Different Logic for Neural Modulatory Systems

While the proposed FCMs are predicted to be prevalent across regions, I would like to suggest that evolution may use a rather distinct wiring logic to deal with neural modulatory circuits consisting of slow neurotransmitter-containing neurons. These neural modulatory circuits, such as the dopamine (DA) neuron circuit, are designed to add values, saliency, motivational and/or emotional features (Carlsson, 1993; Ferguson et al., 2002; Matsumoto and Hikosaka, 2009; Lammel et al., 2011; Wang and Tsien, 2011; Everitt and Robbins, 2015) onto the information patterns discovered by the fast neurotransmitter neurons. By adding various “flavors” to FCMs, these modulatory systems modulate the tuning properties, excitability, long-term stability, and temporal dynamics of neural cliques during learning, consolidation, retrieval, or imagination (Frey et al., 1990; Tsien et al., 2013).

How Can This Theory of Connectivity Be Tested?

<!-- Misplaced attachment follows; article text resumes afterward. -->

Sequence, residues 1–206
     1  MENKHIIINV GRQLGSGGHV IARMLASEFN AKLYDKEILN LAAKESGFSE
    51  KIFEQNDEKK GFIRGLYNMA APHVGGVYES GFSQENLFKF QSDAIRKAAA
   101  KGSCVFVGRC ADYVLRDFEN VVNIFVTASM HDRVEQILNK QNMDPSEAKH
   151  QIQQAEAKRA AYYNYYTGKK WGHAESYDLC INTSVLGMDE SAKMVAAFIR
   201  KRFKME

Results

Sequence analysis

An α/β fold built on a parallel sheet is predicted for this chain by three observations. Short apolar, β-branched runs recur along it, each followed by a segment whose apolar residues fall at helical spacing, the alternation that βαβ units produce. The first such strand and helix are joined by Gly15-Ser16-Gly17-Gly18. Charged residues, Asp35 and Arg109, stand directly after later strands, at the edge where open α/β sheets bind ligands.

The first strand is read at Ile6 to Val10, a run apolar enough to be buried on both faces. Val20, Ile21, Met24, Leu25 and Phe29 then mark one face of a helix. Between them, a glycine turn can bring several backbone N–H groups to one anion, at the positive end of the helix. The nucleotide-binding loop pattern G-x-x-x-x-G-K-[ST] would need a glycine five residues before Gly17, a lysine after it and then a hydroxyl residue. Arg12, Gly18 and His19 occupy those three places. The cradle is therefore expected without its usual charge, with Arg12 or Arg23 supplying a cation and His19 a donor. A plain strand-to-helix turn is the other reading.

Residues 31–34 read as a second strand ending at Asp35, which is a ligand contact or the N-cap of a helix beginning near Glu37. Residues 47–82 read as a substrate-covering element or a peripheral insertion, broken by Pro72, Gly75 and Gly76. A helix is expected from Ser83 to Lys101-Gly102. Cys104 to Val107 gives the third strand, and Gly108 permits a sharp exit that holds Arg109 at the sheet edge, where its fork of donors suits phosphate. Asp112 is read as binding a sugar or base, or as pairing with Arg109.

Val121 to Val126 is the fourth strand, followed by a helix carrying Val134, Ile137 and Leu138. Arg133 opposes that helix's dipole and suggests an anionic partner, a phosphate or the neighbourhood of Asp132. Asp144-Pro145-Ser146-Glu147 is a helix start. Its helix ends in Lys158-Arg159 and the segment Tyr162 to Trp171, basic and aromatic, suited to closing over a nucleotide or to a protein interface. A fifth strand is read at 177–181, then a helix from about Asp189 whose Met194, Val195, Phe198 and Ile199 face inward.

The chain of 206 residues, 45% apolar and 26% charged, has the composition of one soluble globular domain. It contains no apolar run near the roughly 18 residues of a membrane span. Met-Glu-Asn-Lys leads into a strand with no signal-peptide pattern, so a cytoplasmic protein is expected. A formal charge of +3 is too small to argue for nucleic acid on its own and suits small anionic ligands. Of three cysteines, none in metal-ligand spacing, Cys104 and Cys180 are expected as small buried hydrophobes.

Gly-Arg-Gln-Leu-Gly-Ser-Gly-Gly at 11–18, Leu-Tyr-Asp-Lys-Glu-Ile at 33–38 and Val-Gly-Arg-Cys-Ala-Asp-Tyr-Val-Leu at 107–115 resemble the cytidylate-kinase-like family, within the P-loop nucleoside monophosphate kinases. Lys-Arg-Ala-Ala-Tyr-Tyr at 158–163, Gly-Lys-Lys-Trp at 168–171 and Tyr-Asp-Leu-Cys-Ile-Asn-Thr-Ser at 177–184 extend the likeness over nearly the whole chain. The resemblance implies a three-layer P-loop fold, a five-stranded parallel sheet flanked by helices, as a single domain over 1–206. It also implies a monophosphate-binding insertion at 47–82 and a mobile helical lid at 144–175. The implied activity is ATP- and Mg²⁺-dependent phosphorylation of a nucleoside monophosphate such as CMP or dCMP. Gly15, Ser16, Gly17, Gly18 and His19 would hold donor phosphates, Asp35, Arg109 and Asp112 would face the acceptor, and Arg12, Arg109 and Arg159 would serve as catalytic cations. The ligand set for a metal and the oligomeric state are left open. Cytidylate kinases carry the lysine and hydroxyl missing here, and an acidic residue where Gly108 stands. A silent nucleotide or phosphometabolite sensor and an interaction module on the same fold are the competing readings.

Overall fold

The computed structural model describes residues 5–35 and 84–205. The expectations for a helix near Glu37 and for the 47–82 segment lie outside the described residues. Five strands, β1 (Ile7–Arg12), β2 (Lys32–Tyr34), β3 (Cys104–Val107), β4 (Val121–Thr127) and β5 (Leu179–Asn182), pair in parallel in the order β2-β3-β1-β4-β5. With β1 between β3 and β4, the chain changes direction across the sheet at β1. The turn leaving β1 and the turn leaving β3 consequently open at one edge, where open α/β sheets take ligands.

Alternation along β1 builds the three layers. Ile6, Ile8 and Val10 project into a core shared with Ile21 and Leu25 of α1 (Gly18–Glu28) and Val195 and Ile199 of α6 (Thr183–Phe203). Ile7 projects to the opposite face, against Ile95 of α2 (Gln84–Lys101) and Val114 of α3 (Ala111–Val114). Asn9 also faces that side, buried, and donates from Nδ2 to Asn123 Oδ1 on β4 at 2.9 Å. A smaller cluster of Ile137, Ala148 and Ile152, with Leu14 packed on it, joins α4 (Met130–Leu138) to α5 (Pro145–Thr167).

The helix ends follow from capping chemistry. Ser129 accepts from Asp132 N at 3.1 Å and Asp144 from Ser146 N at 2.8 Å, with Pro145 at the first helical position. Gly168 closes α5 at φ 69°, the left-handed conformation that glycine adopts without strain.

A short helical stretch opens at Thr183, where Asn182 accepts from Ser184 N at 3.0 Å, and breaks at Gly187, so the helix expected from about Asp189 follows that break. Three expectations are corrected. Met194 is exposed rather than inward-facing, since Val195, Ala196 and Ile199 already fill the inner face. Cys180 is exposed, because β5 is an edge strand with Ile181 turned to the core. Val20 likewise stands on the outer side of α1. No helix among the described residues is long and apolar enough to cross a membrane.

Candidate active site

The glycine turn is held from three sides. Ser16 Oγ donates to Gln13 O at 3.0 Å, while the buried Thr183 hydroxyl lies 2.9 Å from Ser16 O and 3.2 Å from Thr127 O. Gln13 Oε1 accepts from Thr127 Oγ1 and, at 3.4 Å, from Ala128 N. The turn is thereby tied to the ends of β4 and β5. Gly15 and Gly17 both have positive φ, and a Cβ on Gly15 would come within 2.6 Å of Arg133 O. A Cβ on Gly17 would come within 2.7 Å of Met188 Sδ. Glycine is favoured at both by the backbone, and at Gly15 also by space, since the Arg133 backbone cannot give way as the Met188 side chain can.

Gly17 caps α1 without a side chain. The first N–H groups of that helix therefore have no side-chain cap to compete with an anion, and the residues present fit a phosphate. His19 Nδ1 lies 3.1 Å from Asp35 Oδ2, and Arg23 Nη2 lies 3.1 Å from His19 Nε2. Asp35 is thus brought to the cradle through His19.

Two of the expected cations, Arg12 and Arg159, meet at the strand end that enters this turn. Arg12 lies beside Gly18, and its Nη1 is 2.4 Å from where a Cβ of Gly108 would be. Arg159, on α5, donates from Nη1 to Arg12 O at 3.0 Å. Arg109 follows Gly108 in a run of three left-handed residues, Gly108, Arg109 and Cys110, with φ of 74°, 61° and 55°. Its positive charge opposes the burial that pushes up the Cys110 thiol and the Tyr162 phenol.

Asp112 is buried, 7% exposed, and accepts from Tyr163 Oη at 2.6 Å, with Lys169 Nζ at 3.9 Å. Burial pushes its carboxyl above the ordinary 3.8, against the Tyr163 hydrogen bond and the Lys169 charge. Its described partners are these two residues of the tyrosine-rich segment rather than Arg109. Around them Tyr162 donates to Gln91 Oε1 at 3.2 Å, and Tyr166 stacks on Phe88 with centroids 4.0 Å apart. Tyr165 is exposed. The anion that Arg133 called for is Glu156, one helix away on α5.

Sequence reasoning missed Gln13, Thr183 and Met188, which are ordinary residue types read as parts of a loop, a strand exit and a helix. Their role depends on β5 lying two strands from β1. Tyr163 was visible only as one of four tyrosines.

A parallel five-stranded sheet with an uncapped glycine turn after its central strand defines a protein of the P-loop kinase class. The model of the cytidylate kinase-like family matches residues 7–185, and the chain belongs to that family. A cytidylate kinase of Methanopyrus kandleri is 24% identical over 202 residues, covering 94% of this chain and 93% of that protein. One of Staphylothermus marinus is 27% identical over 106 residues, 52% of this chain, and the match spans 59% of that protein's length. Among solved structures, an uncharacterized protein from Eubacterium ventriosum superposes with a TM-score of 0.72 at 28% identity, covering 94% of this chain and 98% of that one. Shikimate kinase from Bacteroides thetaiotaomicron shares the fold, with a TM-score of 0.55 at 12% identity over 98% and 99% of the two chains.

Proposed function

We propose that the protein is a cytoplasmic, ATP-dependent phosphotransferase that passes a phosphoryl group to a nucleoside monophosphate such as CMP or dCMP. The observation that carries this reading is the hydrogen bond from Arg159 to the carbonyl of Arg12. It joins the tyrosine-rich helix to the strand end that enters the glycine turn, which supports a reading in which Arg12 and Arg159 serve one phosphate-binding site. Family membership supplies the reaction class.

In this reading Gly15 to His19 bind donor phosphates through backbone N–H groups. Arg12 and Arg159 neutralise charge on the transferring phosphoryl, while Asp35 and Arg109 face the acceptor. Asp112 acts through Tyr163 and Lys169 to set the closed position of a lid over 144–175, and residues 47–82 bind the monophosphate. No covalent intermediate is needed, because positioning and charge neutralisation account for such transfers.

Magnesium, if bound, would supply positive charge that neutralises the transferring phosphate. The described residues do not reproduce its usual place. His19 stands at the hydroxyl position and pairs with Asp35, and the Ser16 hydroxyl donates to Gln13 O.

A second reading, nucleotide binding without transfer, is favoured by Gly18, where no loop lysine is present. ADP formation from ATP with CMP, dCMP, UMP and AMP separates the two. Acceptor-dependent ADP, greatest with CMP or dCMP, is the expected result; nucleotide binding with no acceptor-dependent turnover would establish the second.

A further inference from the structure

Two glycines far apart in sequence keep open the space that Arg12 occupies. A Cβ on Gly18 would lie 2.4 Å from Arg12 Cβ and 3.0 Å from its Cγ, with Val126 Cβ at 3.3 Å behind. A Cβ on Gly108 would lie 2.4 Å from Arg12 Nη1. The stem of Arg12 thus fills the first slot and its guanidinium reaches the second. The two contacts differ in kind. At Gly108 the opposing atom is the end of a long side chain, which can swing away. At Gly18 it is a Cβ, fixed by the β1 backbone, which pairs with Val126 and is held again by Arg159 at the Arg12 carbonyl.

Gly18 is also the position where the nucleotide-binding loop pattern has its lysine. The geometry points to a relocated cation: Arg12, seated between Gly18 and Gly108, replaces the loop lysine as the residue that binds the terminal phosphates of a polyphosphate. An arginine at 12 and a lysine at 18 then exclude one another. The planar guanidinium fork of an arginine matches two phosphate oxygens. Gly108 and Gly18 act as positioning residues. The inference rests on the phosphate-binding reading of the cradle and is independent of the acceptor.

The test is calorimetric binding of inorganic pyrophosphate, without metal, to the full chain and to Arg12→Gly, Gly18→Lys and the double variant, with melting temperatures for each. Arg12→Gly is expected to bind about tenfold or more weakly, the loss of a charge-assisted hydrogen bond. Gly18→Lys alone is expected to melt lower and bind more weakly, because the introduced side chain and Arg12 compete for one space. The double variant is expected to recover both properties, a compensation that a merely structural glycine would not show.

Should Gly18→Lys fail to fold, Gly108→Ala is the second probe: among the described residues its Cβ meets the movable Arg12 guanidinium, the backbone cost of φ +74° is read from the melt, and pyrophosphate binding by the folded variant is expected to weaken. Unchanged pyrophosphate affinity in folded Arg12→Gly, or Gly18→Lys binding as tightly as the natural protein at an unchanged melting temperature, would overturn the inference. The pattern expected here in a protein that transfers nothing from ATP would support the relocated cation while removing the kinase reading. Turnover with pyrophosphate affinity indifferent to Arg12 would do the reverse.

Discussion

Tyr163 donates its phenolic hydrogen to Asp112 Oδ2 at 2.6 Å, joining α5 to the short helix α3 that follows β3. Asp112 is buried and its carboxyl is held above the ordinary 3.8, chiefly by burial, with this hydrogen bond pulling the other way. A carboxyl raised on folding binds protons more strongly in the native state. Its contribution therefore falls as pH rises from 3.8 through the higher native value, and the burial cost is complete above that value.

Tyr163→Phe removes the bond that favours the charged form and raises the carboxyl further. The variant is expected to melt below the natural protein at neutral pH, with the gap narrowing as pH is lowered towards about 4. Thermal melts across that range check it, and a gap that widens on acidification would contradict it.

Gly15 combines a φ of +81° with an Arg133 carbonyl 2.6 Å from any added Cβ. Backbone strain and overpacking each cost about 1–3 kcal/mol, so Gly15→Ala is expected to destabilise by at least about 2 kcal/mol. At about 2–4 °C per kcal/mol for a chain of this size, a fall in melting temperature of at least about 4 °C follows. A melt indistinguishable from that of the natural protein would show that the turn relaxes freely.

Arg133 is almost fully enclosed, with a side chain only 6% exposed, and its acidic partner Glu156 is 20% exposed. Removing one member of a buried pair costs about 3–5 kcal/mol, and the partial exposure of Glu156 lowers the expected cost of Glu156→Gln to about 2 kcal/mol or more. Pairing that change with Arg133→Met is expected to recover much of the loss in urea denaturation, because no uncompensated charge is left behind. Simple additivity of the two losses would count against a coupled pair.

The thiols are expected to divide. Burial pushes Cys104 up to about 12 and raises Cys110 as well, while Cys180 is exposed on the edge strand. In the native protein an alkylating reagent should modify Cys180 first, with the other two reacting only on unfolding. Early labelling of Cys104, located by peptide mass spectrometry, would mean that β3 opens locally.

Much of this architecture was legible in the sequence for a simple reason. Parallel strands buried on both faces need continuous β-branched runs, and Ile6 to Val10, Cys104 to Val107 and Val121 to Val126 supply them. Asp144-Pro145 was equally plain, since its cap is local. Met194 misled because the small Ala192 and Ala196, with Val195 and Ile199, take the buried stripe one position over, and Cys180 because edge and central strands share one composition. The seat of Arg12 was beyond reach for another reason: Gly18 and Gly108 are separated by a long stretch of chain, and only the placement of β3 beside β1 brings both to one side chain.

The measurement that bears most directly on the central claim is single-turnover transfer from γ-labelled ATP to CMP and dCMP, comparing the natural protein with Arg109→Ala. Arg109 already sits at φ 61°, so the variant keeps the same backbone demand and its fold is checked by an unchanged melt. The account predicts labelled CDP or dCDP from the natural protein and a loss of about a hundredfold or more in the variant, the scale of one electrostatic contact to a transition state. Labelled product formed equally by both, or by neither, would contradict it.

This basic logic should be tested vigorously in a variety of experiments. For starters, large-scale neural recording techniques can be used to measure response specificity and convergence of principal neurons in the central circuits, while animals are subjected to fearful or appetitive stimuli without any prior training (Lin et al., 2005; Chen et al., 2009; Tsien et al., 2013; Guven-Ozkan and Davis, 2014). Our previous large-scale recording experiments examined how CA1 cells would respond to three distinct fearful events; namely, earthquakes, free-fall drops, and air-puffs (Lin et al., 2005, 2006). We found that the CA1 generated seven distinct major neural clique activation patterns in response to these three fearful episodes (Figure 2A). Similarly, we recorded from the mouse anterior cingulate cortex (ACC) while subjecting the mice to mild bomb blast, air puff, or acoustic startle (Xie et al., 2013). We again observed seven combinatorial neural cliques, arranged in a specific-to-general manner (Figure 2B).